chapter  6          Employment Law
Chapter ObjectivesAfter reading this chapter, you will know the  following:• Key legal issues in employment for sport  man...
Employment Issues• An employee is fired from a job.• A qualified employee is not hired for a job.• A qualified employee is...
Topics of Employment Law•   Employment at will•   Hiring, promotion, and retention•   Sexual harassment•   Employment laws...
The Employment Relationship• Contractual in nature• Involves an express or implied agreement to  perform personal services...
The Employment Relationship            (continued)• Employment-at-will doctrine: Either the employer or  employee may term...
The Employment Relationship           (continued)• Application of federal law: Civil Rights Act,  Americans with Disabilit...
Issue• Is a football player an employee of the university  that he attends and for which he competes?• Coleman v. Western ...
Employment Laws• Occupational Safety and Health Act (OSHA)• Typical health and safety concerns?• Twofold purpose:  1. To r...
Hiring, Promotion, and Retention• Discrimination (laws and protected  classes):  – Civil Rights Act of 1964 (Title VII); E...
Discrimination:   1964 Civil Rights Act (Title VII)• Protected classes  – Race, color, and national origin  – Gender  – Re...
Discrimination• Treating employees or job applicants  unequally on the basis of a personal  characteristic or trait  – How...
Discrimination Claims          Disparate Treatment• Prima facie case  1. A member of a protected class: Race, color,    na...
Defenses• Used to justify a discriminatory practice• Bona fide occupational qualification:  Identifiable characteristics r...
Discrimination Claims           Disparate Impact• Employers’ workforce must reflect the same  percentage of members of pro...
Defenses: Business Necessity• Used to justify a discriminatory effect• A valid business reason for choosing someone  outsi...
Discrimination: Age (ADEA)• Prohibits employment discrimination on the  basis of age for people 40 and over• Applies to bu...
Discrimination: Disabilities• Americans with Disabilities Act of 1990  (ADA) Title I: Employment  – Process     • Prove a ...
Sexual Harassment• Constructive discharge• Title VII of the CVA; EEOC• Elements of sexual harassment:  1. Unwelcome sexual...
Employment Laws• COBRA requires that employer continue  medical coverage (for a limited time) at  option of terminated emp...
Upcoming SlideShare
Loading in …5
×

Spengler chap06

1,258 views

Published on

0 Comments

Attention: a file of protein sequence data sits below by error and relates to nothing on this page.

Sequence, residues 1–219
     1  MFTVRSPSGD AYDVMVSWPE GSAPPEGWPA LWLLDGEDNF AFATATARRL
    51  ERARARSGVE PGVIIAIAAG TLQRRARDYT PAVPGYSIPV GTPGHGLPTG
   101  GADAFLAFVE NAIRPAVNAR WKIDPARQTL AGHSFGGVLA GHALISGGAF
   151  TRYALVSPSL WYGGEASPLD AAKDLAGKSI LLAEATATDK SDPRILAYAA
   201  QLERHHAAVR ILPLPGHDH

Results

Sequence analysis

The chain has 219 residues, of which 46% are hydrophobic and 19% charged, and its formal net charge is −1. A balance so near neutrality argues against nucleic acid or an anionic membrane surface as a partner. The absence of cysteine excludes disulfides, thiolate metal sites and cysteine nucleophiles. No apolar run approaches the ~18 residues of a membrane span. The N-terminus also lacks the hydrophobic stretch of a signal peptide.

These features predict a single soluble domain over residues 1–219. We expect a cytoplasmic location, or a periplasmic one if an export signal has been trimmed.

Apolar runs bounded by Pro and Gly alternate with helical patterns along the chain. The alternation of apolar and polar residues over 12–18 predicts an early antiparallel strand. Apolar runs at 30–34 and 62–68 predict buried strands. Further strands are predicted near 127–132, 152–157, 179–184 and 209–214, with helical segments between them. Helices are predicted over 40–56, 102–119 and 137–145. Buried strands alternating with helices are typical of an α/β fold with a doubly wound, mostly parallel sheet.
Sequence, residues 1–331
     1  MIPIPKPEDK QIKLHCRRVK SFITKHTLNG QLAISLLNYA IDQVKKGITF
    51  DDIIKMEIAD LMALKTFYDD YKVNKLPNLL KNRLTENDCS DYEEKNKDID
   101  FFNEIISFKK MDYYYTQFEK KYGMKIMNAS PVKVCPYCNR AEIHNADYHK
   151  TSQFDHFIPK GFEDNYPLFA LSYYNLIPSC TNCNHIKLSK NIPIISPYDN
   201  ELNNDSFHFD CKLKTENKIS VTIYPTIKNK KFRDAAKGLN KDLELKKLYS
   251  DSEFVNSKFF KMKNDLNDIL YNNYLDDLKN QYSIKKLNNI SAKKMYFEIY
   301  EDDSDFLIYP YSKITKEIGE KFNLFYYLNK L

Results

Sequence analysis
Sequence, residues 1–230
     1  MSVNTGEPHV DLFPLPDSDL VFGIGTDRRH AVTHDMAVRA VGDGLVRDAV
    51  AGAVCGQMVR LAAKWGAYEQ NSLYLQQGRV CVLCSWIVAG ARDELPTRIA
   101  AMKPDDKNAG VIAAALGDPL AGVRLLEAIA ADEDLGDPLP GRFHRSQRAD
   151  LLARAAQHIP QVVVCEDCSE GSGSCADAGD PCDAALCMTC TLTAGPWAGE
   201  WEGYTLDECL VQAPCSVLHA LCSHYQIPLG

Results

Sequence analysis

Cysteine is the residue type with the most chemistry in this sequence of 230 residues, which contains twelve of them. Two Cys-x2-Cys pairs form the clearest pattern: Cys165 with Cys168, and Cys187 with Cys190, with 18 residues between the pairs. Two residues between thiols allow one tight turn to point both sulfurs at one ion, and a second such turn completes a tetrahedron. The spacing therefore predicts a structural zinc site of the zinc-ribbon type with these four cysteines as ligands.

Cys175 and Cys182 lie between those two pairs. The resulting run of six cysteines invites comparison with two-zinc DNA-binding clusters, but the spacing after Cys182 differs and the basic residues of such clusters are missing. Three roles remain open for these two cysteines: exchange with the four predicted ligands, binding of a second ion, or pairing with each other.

0 Likes
Statistics
Notes
  • Be the first to comment

  • Be the first to like this

No Downloads
Views
Total views
1,258
On SlideShare
0
From Embeds
0
Number of Embeds
3
Actions
Shares
0
Downloads
9
Comments
0
Likes
0
Embeds 0
No embeds

No notes for slide

Spengler chap06

  1. 1. chapter 6 Employment Law
  2. 2. Chapter ObjectivesAfter reading this chapter, you will know the following:• Key legal issues in employment for sport managers• Relevance of the doctrine of employment at will• Primary issues in employment discrimination• Key legal issues relevant to sexual harassment• The main elements of federal employment legislation
  3. 3. Employment Issues• An employee is fired from a job.• A qualified employee is not hired for a job.• A qualified employee is not promoted.• An employee’s work situation is made so bad that he or she must quit.• An employee is injured during the scope of employment.• An employee is injured due to conditions at the workplace.• Monitoring.
  4. 4. Topics of Employment Law• Employment at will• Hiring, promotion, and retention• Sexual harassment• Employment laws – Employee Health and Safety – Others
  5. 5. The Employment Relationship• Contractual in nature• Involves an express or implied agreement to perform personal services: Agreement should cover salary, work duties, benefits• Who is an employee? A university scholarship athlete? (continued)
  6. 6. The Employment Relationship (continued)• Employment-at-will doctrine: Either the employer or employee may terminate the employment relationship at any time and for any reason.• Exceptions: – Federal legislation – Implied contract – Public policy (continued)
  7. 7. The Employment Relationship (continued)• Application of federal law: Civil Rights Act, Americans with Disabilities Act, OSHA (workplace safety)• Injury on the job: Workers’ compensation – Liability • Tort: Determined by whether act was in scope of employment, vicarious liability • Contract: Agency principles